Niccolo Machiavelli was an Italian statesman and student of
politics. He is best known for his book, "The Prince",
written in 1513 and published in 1532. This book
established him as the father of the modern science of
politics. It introduces the idea that a ruler need not
trouble himself about the means he uses to accomplish a
purpose. Instead, he must use any means, no matter how
wicket to strike down his enemies and make his people obey.
Machiavelli was born in Florence. The son of a juris and a
member of an old Tuscan family, he was educated chiefly
though private study. He became a leading figure in the
Republic of Florence after the Medici family was driven out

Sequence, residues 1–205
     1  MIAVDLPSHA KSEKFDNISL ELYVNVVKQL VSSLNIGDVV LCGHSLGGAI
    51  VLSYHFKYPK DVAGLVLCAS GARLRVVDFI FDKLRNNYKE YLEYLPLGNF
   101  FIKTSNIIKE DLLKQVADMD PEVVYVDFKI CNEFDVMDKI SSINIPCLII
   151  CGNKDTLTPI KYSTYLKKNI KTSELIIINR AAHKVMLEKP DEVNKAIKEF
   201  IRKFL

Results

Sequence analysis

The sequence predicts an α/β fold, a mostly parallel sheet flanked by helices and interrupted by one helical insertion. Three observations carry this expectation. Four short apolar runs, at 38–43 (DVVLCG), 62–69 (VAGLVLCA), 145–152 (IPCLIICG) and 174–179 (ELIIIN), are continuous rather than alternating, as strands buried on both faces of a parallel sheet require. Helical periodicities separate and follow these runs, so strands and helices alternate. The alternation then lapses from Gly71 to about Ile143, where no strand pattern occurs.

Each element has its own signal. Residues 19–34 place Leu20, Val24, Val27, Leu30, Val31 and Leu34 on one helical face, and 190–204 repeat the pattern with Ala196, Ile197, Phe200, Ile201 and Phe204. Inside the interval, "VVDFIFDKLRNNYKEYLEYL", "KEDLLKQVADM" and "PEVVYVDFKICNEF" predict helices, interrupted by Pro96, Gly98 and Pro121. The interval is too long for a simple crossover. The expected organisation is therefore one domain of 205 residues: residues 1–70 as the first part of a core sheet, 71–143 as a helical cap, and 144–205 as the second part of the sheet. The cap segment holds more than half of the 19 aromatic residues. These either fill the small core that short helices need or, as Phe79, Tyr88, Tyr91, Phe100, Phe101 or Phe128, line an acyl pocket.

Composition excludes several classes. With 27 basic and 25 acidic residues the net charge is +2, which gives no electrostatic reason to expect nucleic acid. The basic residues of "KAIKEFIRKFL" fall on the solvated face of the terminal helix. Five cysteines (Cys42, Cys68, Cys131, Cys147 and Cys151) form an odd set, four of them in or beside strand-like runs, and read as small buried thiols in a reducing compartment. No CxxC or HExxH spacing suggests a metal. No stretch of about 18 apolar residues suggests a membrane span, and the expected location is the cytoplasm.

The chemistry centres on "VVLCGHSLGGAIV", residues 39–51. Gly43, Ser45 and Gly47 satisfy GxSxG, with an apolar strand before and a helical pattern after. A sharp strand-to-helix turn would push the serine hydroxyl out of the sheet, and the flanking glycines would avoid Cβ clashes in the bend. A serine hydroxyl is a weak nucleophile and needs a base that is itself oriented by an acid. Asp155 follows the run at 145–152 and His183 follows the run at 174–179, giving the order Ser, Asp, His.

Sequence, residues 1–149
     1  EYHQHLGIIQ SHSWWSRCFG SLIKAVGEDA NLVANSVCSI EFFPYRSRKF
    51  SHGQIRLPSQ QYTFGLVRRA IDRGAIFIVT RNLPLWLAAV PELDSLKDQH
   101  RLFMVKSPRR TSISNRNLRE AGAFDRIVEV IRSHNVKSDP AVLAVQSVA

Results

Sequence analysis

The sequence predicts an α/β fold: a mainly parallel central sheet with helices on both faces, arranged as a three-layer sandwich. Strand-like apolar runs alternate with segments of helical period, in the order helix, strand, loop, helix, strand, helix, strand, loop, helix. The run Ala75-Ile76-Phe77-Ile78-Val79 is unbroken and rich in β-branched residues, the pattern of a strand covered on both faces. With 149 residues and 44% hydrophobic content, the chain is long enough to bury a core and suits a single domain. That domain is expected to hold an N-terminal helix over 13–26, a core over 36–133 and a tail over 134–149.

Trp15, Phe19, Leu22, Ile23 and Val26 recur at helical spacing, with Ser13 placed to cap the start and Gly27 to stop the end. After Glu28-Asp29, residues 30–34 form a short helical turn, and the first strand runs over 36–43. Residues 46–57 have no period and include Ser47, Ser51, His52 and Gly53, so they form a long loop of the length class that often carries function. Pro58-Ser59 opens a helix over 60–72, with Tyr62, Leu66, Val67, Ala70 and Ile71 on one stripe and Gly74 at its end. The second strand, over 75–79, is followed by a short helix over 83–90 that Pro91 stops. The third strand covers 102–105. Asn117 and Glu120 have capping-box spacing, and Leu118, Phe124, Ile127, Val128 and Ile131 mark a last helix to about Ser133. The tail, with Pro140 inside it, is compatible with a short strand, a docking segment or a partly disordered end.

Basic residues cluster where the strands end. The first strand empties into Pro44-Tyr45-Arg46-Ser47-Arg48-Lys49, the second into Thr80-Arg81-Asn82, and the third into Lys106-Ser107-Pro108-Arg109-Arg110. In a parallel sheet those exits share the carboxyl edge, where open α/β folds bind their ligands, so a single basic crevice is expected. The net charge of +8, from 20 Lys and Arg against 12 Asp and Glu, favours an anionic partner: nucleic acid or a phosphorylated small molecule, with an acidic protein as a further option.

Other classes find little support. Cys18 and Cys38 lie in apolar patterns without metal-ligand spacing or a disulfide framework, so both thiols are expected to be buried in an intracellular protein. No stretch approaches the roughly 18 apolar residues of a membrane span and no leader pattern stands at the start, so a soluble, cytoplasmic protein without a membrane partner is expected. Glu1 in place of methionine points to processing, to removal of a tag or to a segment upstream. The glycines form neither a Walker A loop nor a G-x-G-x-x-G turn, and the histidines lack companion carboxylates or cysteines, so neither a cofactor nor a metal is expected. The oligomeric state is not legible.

in 1498. For 14 years, he served as first secretary of the
council of the republic. His duties brought him in contact
with the notorious Cesare Borgia. He also became interested
in reorganizing the militia.
The Medici family returned to power in 1512, and dismissed
Machiavelli from his office. They arrested, tortured, and
imprisoned him. They finally released him on order of Pope
Leo X. He spent the last fourteen years of his life in
retirement near Florence. There he wrote his books on
history and politics. He also wrote poetry and comedies. He
became a leading literary figure of the Renaissance.